Is U.S. On the Brink of War? Coordinated Strikes Planned With U.K. and France If Syria Uses Chemical Weapons

The U.S. will coordinate attacks with France and the U.K. on the Syrian regime if Bashar al-Assad uses chemical weapons again, President Donald Trump's national security adviser has said.

John Bolton said Washington was working with Paris and London on plans to team up and target troops loyal to Assad currently engaged in an offensive in the northwest of Syria where it has dropped dozens of barrel bombs and Russia has launched more than 70 airstrikes.

"We've been in consultation with the British and the French, who joined us in the second strike, and they also agree that another use of chemical weapons will result in a much stronger response," Bolton said after giving a speech in Washington, the Wall Street Journal reported.

National Security Adviser John Bolton in Washington on September 10, 2018. He said the U.S. would team up with France and the U.K if Assad used chemical weapons again. REUTERS/Eric Thayer

Back in April, the U.S., UK and France launched more than 100 cruise missiles against Assad regime targets in retaliation for a chemical weapons attack in the Damascus suburb of Douma, although they did not target Syrian or Russian air bases. There were also airstrikes against Assad in April 2017.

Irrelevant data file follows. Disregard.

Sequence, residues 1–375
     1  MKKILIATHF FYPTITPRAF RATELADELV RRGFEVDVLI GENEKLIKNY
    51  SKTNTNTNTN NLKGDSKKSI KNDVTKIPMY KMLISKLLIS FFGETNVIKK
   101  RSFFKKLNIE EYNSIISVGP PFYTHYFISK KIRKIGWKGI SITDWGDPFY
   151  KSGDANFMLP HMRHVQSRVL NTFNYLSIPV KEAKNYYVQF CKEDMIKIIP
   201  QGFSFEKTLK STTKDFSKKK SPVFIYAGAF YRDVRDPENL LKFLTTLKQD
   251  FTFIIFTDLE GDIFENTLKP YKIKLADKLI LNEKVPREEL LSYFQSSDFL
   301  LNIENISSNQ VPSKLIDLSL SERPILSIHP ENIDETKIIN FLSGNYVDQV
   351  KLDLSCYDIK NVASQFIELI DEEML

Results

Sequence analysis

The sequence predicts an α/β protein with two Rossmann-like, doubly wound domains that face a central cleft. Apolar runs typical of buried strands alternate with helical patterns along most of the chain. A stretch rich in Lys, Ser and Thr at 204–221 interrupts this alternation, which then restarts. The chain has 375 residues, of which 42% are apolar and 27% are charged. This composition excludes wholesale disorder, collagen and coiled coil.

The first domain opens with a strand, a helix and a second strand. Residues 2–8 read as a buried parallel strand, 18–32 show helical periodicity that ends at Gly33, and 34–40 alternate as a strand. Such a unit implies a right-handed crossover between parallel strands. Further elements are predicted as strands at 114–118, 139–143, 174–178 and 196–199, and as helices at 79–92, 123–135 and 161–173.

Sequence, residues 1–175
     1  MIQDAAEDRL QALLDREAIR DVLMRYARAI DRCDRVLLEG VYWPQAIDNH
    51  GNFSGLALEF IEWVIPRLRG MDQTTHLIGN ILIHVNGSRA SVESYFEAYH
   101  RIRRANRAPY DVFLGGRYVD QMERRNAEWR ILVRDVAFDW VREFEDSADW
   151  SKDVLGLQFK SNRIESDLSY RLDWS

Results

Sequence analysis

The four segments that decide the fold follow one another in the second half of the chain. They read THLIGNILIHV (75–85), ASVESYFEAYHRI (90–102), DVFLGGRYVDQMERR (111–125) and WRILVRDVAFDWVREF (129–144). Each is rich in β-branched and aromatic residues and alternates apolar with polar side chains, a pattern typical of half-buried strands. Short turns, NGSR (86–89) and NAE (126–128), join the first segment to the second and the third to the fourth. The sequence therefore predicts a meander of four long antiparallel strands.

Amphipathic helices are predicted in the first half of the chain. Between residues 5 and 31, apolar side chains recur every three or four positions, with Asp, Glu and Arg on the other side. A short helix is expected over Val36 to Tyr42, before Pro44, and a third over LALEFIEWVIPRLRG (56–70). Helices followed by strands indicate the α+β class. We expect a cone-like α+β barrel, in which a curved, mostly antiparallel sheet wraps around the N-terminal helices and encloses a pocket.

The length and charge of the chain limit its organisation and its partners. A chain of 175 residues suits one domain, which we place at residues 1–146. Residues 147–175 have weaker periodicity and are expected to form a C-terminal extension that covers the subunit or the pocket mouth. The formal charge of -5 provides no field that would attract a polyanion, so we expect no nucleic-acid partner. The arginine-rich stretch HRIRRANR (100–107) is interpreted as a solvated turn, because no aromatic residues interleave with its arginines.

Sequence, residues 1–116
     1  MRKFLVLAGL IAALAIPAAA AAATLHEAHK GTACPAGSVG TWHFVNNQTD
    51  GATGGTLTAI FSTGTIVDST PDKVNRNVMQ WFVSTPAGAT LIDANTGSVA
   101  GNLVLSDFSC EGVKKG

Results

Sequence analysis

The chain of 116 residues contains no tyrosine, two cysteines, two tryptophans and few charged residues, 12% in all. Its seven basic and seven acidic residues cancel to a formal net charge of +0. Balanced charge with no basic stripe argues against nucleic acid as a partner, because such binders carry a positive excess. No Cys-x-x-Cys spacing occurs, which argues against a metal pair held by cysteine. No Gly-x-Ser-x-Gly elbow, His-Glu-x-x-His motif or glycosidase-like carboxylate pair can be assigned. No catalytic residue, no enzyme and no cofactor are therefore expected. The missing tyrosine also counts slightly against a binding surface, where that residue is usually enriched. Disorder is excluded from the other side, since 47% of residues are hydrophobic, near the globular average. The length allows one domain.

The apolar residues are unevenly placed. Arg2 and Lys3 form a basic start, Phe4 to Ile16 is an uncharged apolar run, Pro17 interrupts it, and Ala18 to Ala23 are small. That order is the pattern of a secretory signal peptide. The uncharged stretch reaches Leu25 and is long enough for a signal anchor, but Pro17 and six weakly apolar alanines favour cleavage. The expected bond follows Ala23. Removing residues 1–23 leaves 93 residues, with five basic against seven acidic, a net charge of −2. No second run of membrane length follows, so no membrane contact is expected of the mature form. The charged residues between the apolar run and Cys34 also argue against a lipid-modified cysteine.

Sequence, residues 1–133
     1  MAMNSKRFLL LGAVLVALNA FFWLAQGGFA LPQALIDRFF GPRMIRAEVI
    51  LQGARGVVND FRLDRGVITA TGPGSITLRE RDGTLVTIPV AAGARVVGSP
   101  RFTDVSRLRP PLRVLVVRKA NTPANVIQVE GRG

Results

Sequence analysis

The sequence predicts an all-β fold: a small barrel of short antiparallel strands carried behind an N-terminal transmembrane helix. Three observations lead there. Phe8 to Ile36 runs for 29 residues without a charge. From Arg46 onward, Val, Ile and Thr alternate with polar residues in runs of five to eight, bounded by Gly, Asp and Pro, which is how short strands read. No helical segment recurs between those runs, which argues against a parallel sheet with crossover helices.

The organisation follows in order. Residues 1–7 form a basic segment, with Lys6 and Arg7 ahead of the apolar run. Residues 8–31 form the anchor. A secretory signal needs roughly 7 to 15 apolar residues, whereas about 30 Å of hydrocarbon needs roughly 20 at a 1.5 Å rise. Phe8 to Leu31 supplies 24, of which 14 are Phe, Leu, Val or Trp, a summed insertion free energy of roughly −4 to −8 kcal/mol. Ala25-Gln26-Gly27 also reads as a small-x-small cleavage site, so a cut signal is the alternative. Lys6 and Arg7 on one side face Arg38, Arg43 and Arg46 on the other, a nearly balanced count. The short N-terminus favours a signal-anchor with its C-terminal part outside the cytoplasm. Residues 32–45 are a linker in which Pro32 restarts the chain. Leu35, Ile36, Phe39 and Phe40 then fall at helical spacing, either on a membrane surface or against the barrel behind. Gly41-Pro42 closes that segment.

One UK official said, according to The Guardian, that any new strike on Syria would be of "a different order to anything that has happened before."

On Tuesday, the U.S. will chair a U.N. Security Council meeting to discuss Idlib, where the Assad regime and its backers, Russia and Iran, are planning to take control. An estimated 15,000 rebels in the enclave are aligned with al-Qaeda.

There are fears that an offensive could spark a humanitarian crisis and the U.N is looking to set up a constitutional committee that could open the way for a transitional government.

Turkish president Tayyip Erdogan wrote in the Wall Street Journal that any offensive would cause security risks for Europe and beyond.

Erdogan, who failed to get a ceasefire from Russia and Iran at a summit in Tehran, said that the U.S. focusing on chemical weapons was not enough, as conventional weapons were "responsible for far more deaths."

A still image taken from a video footage and released by Russia's Defence Ministry on September 5, 2018, shows a missile hitting a target, which Defence Ministry said was a terrorists' position in Idlib province. The U.S. has warned Syria not to use chemical weapons in the last rebel enclave. Russian Defence Ministry/Handout via REUTERS TV

"All members of the international community must understand their responsibilities as the assault on Idlib looms. The consequences of inaction are immense," Erdogan said.

The U.N. Office for the Coordination of Humanitarian Affairs (OCHA) has said over 30,000 people had fled their homes in northwest Syria since the resumption of bombings and that any operation into Idlib could displace 800,000 people.

OCHA head Mark Lowcock said: "There needs to be ways of dealing with this problem that don't turn the next few months in Idlib into the worst humanitarian catastrophe with the biggest loss of life in the 21st century," Gulf News reported.